The robot’s purpose is to maximize visualization and precision in minimally invasive, robotic-assisted surgeries. Using a VR helmet, the surgeon is fully immersed inside a patient’s body and has 360-degree access. The robot’s arms are designed to replicate a surgeon’s body movement, from shoulders to wrists.
Another facet of employing VR for surgeons involves preoperative planning. For example, Surgical Theater develops a so-called “surgical rehearsal platform” — precision VR for neurosurgical procedures. With this solution, both patients and surgeons can go through an upcoming surgery in VR for a better understanding of a scenario.
Preoperative planning in VR reduces uncertainty, helps deal with anxiety and helps both parties get ready for surgery.
The Stanford School of Medicine, St. Joseph’s Children’s Hospital, the Mayo Clinic, and UCLA School of Medicine are among those already using this solution.
Now, let’s move on to VR in mental health. VR shows great results in helping patients battle mental disorders, fears and various syndromes. Let’s look at some of the solutions on the market.
Chronic Pain Treatment
Karuna Labs offers HIPAA-compliant and FDA-registered solutions for chronic pain treatment. The company uses evidence-based approaches to build VR solutions to help treat chronic pain via simulations.
The solutions offer patients at-home and local clinic programs that address chronic pain and help to “unlearn” it. With a combination of physical and cognitive retraining, the brain is re-taught to see painful movements from a different perspective and no longer force the body to feel pain.
Treatment Of Mental Disorders And Fear
VR is also being used to help patients manage mental disorders. One of the companies that provide VR solutions for coping with mental health issues is Oxford VR, which won the 2020 award for Best Mental Health Immersive Technology at the MedTech Visionaries Awards.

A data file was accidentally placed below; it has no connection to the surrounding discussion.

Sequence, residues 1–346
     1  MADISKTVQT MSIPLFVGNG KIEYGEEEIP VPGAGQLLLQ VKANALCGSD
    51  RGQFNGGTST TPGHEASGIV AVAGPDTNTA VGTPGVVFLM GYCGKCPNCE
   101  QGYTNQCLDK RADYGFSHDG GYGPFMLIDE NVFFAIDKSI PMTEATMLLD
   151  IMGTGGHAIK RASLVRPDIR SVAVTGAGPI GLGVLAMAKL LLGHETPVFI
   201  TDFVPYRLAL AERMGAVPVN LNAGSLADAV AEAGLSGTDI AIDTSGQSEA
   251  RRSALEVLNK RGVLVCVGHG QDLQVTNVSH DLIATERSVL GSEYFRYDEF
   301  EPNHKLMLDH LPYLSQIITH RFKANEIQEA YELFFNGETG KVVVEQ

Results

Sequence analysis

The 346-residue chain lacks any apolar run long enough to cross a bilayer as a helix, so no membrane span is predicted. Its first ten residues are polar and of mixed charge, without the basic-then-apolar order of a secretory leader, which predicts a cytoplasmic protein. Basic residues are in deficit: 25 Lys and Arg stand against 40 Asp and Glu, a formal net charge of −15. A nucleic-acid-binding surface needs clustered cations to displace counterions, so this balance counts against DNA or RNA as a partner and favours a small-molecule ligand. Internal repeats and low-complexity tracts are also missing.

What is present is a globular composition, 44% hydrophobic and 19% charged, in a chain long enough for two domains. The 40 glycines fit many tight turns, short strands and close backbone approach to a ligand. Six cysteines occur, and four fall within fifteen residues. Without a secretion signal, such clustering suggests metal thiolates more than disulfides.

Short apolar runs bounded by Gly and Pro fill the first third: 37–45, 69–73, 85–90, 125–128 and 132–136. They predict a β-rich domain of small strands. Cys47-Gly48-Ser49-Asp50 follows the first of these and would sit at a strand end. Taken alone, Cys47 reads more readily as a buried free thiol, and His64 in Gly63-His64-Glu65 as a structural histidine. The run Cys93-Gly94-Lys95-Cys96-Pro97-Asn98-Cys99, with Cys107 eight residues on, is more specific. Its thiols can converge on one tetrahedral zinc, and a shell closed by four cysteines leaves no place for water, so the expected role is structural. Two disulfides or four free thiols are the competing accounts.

Oxford VR is a technological partner of the United Kingdom’s National Health Service and the McPin Foundation, among others. The company focuses on virtual reality to relieve symptoms of mental disorders. For example, one of its solutions is designed to help patients overcome fear and anxiety provoked by social interactions.
Social avoidance is prevalent in many disorders, such as depression or panic disorder, and a VR simulation helps patients battle this fear by exposing them to social interactions in a safe and controlled environment.
But is it effective? Treatment in VR demonstrates a huge potential. After only two hours of exposure to a solution that treats fear of heights, for example, the patients’ anxiety was reduced by an average of 68%.
To Sum Up
I personally hope VR will penetrate as many industries as possible — and in particular that more and more healthcare organizations will adopt VR simulations to treat patients and help doctors advance in healthcare services.
It’s good to see that a technology once misconceived as something for gaming only is now accepted and recognized by such highly regulated and demanding industries as healthcare.